Spring Football: The Mark Helfrich era begins at Oregon

(Photo Courtesy: USA Today Sports)

First Practice: April 2
Spring Game: April 27

Spring camp is set to open at Oregon on Tuesday, and like everything they do with their football program up in Eugene, practice will be a fast-paced affair. Despite being one of the final programs to start spring ball, the Ducks will end practice by the end of this month with an April 27 spring game.   

But in case you haven’t been paying attention (and frankly, we suspect you have), things will be different at Oregon than they have been each of the past four years. That’s because for the first time since April of 2009, the great Chip Kelly will no longer be roaming the sidelines and barking instructions out of the side of his mouth. The coach who led Oregon to four straight BCS bowl games has taken his talents to the NFL, and been replaced by long-time offensive coordinator Mark Helfrich.

And, above all, it is Helfrich who is the star of the show at Oregon this spring. The offense returns mostly intact, the defense should be strong, and there’s plenty of star-power with Marcus Mariota, De’Anthony Thomas, Josh Huff. In a lot of ways, the 2013 Ducks may actually be the most talented team Oregon has had since Kelly took over the reins of the program prior to the 2009 season.  

But it’s Helfrich who everyone will be watching.

Stability Factor (1=chaos, 5=rock solid): 4.0

Of all the programs transitioning into a new coaching regime this spring, it’s hard to argue that any is more stable than the Ducks’. The system will stay the same, most of the staff will stay the same, and little in terms of practice or preparation will change in the transition from Helfrich to Kelly. Frankly, just about the only thing that will change is the guy who is giving the pre-practice pep-talks.

At the same time, just because things have remained status quo in Eugene, it doesn’t take away from the fact that Helfrich is still…

Under the Microscope: Mark Helfrich

Traditionally this is a spot reserved for a player or position group, but in the case of Oregon, there is no one who is under more of a microscope than the new head coach. Again, the scheme is the same and the players running it are all pretty much the ones who did it in 2012. But the guy calling the shots? That’s a totally different ball-game all together.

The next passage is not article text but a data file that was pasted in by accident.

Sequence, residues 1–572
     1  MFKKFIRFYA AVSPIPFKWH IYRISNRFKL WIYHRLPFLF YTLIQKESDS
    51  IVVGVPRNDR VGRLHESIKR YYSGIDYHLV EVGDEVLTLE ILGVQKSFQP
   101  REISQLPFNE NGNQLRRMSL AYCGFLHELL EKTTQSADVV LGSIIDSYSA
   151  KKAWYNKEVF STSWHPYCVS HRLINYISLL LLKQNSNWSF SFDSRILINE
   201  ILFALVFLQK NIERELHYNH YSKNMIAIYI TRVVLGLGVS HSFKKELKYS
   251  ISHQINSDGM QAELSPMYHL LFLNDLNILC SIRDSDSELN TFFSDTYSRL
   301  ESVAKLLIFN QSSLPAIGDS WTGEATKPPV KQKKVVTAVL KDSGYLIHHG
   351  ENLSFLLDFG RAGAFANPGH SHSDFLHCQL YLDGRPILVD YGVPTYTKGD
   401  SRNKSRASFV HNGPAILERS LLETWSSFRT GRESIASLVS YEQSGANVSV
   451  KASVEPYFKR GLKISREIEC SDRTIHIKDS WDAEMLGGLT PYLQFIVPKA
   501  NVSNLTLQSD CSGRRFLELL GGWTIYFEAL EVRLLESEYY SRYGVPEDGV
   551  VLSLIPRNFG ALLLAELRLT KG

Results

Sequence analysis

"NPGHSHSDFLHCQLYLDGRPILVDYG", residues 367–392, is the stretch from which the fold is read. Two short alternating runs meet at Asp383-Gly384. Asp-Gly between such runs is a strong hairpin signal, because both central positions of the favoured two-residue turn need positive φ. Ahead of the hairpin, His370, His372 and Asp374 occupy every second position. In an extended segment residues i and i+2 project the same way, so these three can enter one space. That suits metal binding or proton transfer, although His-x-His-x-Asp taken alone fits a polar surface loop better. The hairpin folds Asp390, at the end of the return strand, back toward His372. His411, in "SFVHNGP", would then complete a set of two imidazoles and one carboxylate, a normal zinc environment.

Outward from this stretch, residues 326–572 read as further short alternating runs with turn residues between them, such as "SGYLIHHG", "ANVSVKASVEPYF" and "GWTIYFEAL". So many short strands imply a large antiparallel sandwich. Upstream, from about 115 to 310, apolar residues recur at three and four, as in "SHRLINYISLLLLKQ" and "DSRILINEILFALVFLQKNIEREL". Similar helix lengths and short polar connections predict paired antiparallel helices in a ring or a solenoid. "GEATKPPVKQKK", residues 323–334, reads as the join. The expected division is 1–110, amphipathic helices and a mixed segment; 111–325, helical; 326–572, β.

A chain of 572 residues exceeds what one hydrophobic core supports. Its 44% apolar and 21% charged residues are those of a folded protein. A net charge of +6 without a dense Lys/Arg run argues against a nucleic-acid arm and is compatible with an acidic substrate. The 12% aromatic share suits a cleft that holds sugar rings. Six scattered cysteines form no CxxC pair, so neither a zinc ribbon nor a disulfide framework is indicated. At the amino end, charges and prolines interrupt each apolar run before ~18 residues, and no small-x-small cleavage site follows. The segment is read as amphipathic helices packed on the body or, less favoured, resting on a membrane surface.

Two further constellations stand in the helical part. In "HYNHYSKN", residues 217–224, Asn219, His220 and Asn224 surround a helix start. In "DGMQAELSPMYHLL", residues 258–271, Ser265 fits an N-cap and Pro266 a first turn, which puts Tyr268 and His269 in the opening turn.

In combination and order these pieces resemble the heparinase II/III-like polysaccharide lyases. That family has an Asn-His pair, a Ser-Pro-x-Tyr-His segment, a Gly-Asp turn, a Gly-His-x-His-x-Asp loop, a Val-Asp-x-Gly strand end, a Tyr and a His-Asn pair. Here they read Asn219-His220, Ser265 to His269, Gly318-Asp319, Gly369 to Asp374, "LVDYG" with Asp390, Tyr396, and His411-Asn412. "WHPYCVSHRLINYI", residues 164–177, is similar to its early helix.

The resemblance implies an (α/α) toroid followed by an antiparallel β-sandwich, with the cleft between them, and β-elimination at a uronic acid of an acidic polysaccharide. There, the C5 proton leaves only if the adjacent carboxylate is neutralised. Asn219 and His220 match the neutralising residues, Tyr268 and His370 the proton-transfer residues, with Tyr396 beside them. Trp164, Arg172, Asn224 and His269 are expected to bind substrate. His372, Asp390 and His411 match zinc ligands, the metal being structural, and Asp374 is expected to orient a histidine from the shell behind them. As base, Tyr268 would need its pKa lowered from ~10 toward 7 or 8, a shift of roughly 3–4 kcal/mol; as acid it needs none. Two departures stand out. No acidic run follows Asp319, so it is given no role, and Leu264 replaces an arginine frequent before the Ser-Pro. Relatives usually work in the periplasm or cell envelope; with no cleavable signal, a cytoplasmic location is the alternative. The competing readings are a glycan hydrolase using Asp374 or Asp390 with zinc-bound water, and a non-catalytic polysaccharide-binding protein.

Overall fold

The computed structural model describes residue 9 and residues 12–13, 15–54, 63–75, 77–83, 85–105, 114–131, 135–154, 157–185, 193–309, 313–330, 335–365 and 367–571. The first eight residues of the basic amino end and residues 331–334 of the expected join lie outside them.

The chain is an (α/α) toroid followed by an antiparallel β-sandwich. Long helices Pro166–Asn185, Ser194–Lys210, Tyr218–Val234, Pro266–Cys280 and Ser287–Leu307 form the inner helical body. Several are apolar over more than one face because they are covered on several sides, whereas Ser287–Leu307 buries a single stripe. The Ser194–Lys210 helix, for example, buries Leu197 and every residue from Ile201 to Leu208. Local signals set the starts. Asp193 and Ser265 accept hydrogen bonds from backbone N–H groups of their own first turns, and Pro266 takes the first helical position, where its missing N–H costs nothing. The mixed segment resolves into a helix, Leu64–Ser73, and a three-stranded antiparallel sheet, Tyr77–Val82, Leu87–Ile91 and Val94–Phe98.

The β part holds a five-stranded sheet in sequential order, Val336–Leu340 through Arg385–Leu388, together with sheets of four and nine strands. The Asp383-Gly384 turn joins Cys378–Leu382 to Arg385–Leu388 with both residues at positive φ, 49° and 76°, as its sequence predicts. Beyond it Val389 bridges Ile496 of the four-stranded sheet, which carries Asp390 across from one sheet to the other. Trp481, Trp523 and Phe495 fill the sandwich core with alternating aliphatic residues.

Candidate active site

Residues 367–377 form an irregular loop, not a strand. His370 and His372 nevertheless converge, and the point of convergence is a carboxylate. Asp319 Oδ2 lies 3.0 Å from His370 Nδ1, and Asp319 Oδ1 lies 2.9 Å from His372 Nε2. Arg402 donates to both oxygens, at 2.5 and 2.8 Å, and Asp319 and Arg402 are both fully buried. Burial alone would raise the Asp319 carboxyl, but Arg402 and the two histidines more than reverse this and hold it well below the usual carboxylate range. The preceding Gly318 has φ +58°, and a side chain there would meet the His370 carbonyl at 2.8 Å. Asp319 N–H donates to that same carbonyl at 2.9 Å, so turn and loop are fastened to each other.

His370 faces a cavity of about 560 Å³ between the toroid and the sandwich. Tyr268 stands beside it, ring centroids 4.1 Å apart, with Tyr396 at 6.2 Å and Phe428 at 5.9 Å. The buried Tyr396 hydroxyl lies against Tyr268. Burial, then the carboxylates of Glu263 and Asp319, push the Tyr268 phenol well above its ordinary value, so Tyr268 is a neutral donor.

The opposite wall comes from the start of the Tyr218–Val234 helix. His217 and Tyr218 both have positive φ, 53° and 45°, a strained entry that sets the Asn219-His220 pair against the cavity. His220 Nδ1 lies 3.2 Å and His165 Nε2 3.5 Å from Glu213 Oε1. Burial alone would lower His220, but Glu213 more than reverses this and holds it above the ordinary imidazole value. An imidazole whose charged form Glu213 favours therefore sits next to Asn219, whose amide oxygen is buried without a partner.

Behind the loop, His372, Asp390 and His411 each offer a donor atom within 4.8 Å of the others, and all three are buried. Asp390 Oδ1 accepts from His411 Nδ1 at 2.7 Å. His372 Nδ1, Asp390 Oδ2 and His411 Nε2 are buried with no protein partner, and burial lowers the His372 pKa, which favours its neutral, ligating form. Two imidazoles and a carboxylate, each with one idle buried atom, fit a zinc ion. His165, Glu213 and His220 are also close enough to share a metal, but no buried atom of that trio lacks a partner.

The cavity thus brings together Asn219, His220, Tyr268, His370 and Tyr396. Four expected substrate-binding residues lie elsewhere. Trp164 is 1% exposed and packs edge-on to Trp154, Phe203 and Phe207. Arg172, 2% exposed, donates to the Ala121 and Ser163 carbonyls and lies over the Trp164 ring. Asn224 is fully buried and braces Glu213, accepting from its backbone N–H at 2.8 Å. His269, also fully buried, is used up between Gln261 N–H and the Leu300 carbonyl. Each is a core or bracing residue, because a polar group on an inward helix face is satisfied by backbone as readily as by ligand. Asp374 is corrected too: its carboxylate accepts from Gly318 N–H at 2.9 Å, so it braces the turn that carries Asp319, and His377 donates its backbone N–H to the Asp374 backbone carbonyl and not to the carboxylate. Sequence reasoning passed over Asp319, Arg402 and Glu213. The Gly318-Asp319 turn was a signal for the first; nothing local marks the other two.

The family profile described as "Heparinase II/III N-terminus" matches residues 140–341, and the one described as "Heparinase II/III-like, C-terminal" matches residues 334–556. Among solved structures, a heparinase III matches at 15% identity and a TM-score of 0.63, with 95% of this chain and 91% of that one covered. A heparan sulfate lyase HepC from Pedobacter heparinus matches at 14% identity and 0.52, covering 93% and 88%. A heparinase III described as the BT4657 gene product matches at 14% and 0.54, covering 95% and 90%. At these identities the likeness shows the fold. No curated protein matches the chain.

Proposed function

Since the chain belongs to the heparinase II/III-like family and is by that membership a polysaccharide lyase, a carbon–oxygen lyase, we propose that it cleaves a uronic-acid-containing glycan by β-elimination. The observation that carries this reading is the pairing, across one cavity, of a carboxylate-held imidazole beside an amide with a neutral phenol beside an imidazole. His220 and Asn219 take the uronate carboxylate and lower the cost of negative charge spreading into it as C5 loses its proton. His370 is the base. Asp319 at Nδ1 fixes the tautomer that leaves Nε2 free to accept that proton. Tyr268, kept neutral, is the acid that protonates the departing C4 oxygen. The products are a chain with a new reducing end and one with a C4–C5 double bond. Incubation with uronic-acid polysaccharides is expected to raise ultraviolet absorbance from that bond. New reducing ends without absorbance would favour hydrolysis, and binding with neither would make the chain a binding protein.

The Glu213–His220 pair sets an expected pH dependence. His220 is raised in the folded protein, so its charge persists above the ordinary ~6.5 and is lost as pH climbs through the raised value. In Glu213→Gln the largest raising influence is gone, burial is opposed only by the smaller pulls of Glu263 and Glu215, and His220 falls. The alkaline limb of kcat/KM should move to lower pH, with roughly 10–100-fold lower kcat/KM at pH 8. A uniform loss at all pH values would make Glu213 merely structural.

And it’s because of that, that Helfrich enters the spring as the biggest uncertainty surrounding the Ducks’ football program. There are so many things a head coach has to take on- from game-planning, to disciplining unruly players and handling media obligations- that an assistant doesn’t, and it’s impossible to know how a man will handle it until they’re actually, well, under the microscope.

Now in Helfrich’s defense, these are questions that are going to take months to fully answer. In the case of some, it will take years.

But they’ll at least start to be answered this spring.

Now, let’s talk something besides the new coach, beginning with…

Locked and Loaded: The skill positions

Frankly, the real answer here is “the defensive backfield,” where the Ducks return all four starters. But let’s be real here: You didn’t click on this link to read about Oregon’s DB’s. So instead, let’s transition to the offensive side of the ball where the Ducks’ could be as explosive as ever.

Yes, Kenjon Barner (and his 1,000 yards rushing) are gone, but quarterback Marcus Mariota (32 touchdowns passing, five rushing) returns to lead an offense which could actually have more overall skill position depth than at any point in any of the last few years. We all know about De’Anthony “How Dare You Consider Playing Me At Defensive Back Lane Kiffin,” Thomas, who tallied 18 total touchdowns last year, but don’t sleep on top receiver Josh Huff (seven receiving touchdowns) either. Keanon Lowe and Bralon Addison combined for 44 catches last spring also.

But really, the key for 2013 could be in the incoming recruiting class. Local legend Thomas Tyner (who scored 47 touchdowns and rushed for close to 3,500 yards as a senior in 2012) highlights a group featuring three or four skill position players who are capable of stepping in and contributing immediately.